On average over 16% of European Social Fund (ESF) is identified for supporting Active Inclusion. Active Inclusion is considered to be approaches which foster the participation of people distant from the labour market by addressing the barriers to their participation including through access to essential services, adequate income and accessible labour markets. At a joint meeting of the Thematic Network on Inclusion (part of the ESF Platform) and the European Minimum Income Network (EMIN) to be held in Madrid on 20 and 21 September, representatives of Managing authorities and stakeholders will come together to discuss and share information on how this aspect of ESF is being developed and implemented. Examples from Spain, Italy, Slovenia and Belgium will inform the discussions. Examples of the application of the active inclusion approach will also be given from Denmark and Netherlands. Recommendations on how to strengthen and further develop this approach will be developed at the meeting. To ensure you receive the report of the meeting and other related information sign up to follow: http://ec.europa.eu/esf/transnationality and www.emin-eu.net
The European Minimum Income Network (EMIN) brings together representatives of Administration and stakeholders from 8 countries to share ideas and practice about the use of reference budgets for policy purposes. Antwerp University is hosting and supporting the exchange of practice on 18 and 19 September. The Reference budgets being spoken about are priced baskets of goods and services that are needed to live in dignity and to participate in the society. The meeting will discuss current approaches to the use of Reference budgets and their comparability. The meeting will also discuss the use of Reference budgets for the assessment of benefit levels, for debt counselling, and for development of individual support services. A full report of the meeting and the recommendations developed will be available www.emin-eu.net in the near future.
The European Parliament is drafting a new report on Minimum Income Schemes as a tool to fight poverty. The rapporteur for the report is Italian MEP Laura Agea. See the draft report EP Draft Report, Minimum Income policies as a tool for fighting poverty Feb 2017 Fintan Farrell Project Manager EMIN, spoke in the Parliament hearing on the Draft Report. See his presentation Presentation EP 28 Feb 2017 Amendments to the report were due for 14 March. EMIN project partners EAPN and ETUC will follow the development of the report carefully.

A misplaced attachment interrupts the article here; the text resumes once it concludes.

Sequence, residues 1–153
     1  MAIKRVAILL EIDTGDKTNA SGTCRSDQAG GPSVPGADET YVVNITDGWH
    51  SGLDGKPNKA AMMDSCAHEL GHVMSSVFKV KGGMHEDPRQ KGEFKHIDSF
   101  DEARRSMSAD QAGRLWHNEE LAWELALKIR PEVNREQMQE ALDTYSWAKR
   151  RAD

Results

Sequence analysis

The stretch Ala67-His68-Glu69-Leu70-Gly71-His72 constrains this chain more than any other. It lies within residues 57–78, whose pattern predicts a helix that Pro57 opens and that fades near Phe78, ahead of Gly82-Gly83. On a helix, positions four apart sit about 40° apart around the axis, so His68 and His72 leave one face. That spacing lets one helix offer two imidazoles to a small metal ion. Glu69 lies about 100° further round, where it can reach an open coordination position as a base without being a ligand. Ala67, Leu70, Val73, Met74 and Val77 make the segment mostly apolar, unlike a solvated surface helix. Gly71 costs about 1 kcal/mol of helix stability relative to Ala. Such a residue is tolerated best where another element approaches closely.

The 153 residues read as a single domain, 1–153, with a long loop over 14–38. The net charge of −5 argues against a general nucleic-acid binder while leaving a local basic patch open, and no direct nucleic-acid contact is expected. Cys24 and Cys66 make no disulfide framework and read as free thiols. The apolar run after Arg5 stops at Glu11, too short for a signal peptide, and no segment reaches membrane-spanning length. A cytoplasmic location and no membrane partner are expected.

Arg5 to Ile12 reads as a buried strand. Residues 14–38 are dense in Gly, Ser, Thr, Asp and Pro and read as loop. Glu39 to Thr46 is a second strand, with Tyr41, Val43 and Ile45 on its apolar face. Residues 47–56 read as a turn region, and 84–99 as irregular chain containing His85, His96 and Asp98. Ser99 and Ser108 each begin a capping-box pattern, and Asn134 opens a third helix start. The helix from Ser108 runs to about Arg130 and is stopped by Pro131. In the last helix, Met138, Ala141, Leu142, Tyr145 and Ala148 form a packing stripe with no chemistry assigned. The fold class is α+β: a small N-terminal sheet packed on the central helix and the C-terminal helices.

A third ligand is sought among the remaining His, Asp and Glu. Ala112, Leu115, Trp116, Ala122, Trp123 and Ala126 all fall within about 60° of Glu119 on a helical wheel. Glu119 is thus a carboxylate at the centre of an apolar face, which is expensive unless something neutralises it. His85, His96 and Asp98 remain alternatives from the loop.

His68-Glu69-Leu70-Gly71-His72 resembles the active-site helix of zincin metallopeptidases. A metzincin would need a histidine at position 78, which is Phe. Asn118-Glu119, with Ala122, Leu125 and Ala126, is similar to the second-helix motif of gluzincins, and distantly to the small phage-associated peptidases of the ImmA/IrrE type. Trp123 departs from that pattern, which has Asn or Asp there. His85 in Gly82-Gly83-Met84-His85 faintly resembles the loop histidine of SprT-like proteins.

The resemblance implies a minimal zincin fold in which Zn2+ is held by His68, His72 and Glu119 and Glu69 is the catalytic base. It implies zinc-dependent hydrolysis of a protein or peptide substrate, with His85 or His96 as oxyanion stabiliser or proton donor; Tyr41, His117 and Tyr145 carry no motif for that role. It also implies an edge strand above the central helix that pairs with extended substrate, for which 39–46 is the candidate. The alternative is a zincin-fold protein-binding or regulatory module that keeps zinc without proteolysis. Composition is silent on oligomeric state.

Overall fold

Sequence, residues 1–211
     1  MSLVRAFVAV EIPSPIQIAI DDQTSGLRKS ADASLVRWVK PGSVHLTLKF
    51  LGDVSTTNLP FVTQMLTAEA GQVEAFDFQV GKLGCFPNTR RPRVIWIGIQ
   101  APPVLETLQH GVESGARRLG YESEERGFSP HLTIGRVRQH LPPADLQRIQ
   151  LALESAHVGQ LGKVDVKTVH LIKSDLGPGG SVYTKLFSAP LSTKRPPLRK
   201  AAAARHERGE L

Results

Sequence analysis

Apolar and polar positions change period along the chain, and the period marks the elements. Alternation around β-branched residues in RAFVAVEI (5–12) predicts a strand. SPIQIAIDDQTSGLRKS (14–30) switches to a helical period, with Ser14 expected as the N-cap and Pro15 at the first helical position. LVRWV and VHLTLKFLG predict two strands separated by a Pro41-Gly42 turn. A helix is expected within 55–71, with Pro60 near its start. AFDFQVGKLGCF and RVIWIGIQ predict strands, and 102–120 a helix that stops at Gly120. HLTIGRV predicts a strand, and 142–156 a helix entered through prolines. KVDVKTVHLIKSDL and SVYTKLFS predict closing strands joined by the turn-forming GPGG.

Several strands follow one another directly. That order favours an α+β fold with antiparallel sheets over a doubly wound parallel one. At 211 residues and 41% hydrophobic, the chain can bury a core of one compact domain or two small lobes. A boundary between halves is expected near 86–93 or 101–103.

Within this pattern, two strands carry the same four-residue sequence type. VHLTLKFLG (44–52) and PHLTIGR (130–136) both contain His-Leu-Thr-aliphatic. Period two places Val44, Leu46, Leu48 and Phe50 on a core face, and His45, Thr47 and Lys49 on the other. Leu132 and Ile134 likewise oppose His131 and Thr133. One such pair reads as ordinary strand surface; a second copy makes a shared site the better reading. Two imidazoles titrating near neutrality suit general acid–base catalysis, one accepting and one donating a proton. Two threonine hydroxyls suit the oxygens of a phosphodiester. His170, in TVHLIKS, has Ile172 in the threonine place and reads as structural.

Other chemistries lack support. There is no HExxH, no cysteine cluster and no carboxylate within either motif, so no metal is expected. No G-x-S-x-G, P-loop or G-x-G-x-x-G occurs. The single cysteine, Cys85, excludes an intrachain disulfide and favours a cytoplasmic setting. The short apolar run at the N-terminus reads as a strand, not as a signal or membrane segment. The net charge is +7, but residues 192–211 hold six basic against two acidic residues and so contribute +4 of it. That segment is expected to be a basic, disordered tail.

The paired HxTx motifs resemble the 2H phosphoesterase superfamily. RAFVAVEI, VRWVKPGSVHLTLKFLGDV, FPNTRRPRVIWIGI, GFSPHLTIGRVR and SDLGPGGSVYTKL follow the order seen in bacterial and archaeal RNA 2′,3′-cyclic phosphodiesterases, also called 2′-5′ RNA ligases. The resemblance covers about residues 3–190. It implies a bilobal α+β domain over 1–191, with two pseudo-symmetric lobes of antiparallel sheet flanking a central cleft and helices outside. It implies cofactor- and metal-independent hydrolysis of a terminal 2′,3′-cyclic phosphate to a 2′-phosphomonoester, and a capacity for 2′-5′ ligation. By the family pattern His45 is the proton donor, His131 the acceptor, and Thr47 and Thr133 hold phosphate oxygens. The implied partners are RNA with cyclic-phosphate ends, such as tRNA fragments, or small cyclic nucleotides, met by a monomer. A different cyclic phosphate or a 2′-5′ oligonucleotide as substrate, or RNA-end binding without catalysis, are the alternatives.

A new report from The European Policy Centre (EPC) calls on EU leaders to “Create a European framework for a minimum income scheme in each member state and a guarantee for accessing basic public services” The full report can be accessed here european-policy-centre-socialinvestmentfirst
To see how your MEPs voted on the Minimum Income amendment in their report on A European Pillar of Social Rights (Rapporteur -Maria João Rodrigues MEP) see votes-mi-amendment-social-pillar-report: pages 46 and 47. Please note there are still some days for corrections if voting is not recorded correctly. You may get the chance to speak with your MEPs to understand better why they voted they way they did and to continue to build the conversation with them about the importance of adequate and accessible Minimum Income Schemes.
The European Parliament accepted the following amendment in their report on A European Pillar of Social Rights (Rapporteur -Maria João Rodrigues MEP): “Highlights the importance of adequate minimum income schemes for maintaining human dignity and combating poverty and social exclusion, as well as their role as a form of social investment enabling people to participate in society, and to undertake training and/or look for work; invites the Commission and the Member States to assess minimum income schemes in the European Union, including whether the schemes enable households to meet their needs; invites the Commission and the Member States to evaluate on this basis the manner and the means of providing an adequate minimum income in all Member States and to consider further steps in support of social convergence across the European Union, taking into account the economic and social circumstances of each Member State, as well as national practices and traditions;
The amendment was proposed by the Green, Social and Democrats and GUE groups and passed with the support of some members of the ALDE and EPP group. This is a good basis of support for the work of the EMIN 2 project (2017-2018). A big thanks to EAPN mmebers and other civil society actors who engaged their MEPs to ensure support for this amendment.
Please see attached the National Reports prepared under the EMIN project for the countries of Malta, Luxembourg and Sweden. These reports present information and comments on: 1) latest developments in relation to Minimum Income Schemes, 2) Assessments of the schemes in relation to their adequacy, coverage and take-up, and the link to accessible services and inclusive employment (in line with he EU Active Inclusion Recommendation). Perhaps the central part of the reports, is the identification of obstacles to accessible and adequate Minimum Income Schemes, the identification of steps to overcome these obstacles and the efforts made to build collaboration between different actors to support the implementation of the proposed steps. Continue reading